Monday, 1 July 2019

The Political Philosophy of America's Guns

Every time there is a mass killing in America - at a school, a church, an open air-concert - a familiar ritual plays out. Gun control and gun rights advocates spring to the airwaves to present their case, fail miserably to persuade anyone who didn’t already agree with them, and leave everybody on both sides fuming with even more indignation than before. It is a sad picture of democratic failure, especially when set beside successful national conversations - such as over civil rights or gay marriage - in which large majorities changed their minds because of the arguments they heard.

It is easy enough to connect this failure to America’s general turn to a partisan politics that is more about which political tribe you identify with than the exchange of ideas and arguments about the public good, or to cite the pernicious influence of the NRA’s election spending in Republican primaries. However, such explanations are both too easy and rather unhelpful. I think I have something better to offer – better both because it embodies a more idealistic view of democracy and because it is more likely to be politically successful.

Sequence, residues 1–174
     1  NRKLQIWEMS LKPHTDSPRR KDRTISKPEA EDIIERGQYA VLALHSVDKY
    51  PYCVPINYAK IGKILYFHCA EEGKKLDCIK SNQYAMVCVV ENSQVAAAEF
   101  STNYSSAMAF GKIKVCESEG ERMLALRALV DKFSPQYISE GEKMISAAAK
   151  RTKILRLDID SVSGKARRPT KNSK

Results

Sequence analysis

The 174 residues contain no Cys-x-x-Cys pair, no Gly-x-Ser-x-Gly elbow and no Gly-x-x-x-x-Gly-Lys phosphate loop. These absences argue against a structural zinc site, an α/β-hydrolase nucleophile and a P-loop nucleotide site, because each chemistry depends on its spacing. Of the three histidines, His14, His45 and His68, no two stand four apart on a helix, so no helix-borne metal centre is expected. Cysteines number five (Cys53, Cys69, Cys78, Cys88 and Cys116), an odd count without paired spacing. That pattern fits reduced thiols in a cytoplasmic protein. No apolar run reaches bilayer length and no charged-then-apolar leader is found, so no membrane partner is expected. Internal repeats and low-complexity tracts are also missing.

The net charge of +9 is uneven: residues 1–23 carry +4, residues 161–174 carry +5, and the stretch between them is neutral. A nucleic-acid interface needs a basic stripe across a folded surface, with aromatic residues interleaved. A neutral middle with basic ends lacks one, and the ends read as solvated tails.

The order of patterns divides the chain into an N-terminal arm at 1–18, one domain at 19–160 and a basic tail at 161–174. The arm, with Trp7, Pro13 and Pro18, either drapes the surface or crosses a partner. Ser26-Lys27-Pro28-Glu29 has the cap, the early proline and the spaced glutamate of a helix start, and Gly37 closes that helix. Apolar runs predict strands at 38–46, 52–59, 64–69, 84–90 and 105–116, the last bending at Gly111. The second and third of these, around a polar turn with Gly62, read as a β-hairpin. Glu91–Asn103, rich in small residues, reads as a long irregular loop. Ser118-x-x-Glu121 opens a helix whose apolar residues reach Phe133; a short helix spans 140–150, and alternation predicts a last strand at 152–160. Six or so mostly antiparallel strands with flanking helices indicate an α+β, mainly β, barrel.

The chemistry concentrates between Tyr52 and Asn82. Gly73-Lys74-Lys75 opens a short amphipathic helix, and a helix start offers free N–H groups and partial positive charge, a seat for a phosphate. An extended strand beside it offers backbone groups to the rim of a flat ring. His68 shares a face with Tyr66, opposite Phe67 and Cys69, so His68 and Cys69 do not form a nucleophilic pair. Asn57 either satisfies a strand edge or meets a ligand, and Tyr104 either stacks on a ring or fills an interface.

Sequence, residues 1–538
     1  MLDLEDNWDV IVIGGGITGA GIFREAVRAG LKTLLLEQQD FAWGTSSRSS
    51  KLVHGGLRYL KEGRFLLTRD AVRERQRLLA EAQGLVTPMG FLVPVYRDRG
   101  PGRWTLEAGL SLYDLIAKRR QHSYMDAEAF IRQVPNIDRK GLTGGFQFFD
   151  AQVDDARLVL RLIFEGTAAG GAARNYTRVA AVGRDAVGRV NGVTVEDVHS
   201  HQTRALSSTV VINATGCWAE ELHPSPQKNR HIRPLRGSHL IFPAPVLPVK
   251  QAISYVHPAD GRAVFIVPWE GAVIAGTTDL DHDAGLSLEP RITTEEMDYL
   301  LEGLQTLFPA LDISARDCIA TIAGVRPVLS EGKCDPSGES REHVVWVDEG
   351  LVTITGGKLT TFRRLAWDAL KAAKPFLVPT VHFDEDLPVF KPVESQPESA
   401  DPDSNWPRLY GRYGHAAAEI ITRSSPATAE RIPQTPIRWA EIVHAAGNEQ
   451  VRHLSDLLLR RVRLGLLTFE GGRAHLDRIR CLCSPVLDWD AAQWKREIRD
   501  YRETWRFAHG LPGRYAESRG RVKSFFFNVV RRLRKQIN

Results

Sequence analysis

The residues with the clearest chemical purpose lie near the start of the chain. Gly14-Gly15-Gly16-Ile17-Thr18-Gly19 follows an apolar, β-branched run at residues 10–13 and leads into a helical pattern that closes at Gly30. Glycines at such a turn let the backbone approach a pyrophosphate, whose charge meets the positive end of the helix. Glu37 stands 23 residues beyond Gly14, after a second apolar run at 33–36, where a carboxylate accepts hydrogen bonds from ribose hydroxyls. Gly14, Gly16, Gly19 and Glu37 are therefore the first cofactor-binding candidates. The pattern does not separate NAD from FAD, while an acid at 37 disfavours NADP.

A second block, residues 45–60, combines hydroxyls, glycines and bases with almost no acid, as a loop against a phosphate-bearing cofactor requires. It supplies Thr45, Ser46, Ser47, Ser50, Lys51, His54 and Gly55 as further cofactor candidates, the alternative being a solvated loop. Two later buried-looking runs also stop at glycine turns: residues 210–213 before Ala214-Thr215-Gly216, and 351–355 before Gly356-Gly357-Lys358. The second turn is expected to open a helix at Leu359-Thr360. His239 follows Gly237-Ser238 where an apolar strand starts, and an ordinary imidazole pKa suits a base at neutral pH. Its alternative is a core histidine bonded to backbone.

Of course it is up to Americans to decide what kind of society they should have - not philosophers, and certainly not foreign ones like me. Indeed, part of my argument is that the place of guns in America has to be decided politically - by the people - and not by appeal to the special authority of sacred constitutional principles, or social science, or even philosophy. Philosophers’ pronouncements of truth and rightness have no special authority over politics, nor should they. What philosophical analysis can do is offer new perspective and argumentative resources by which a political debate such as this one might be improved from its toxic stalemate.

So what does my philosophical perspective come down to?

First a diagnosis. America’s decades long national argument about guns is so pernicious and acrimonious because it is not just a policy debate about what the government should do to best fix some problem (like an opioid epidemic or a high level of car accident fatalities). It is also about what kind of politics to have: how citizens should relate to each other and the state. Politics with a capital P. This ideological dimension is explicit in the arguments of the gun rights movement but has been largely neglected by the other side.

Second, some positive advice for the advocates of gun control. Talk about civic values is not a squishy second best to the objective statistical facts of gun violence. It is an essential ingredient for building a committed political majority. Winning this debate requires showing that a society without guns is a better society, not merely that it is a safer one.

Saturday, 22 June 2019

The Duty To Forgive Murderers

Source: INC
There are people living among us who have done terrible things to other human beings – murder and rape, for example – yet who nonetheless deserve society’s forgiveness.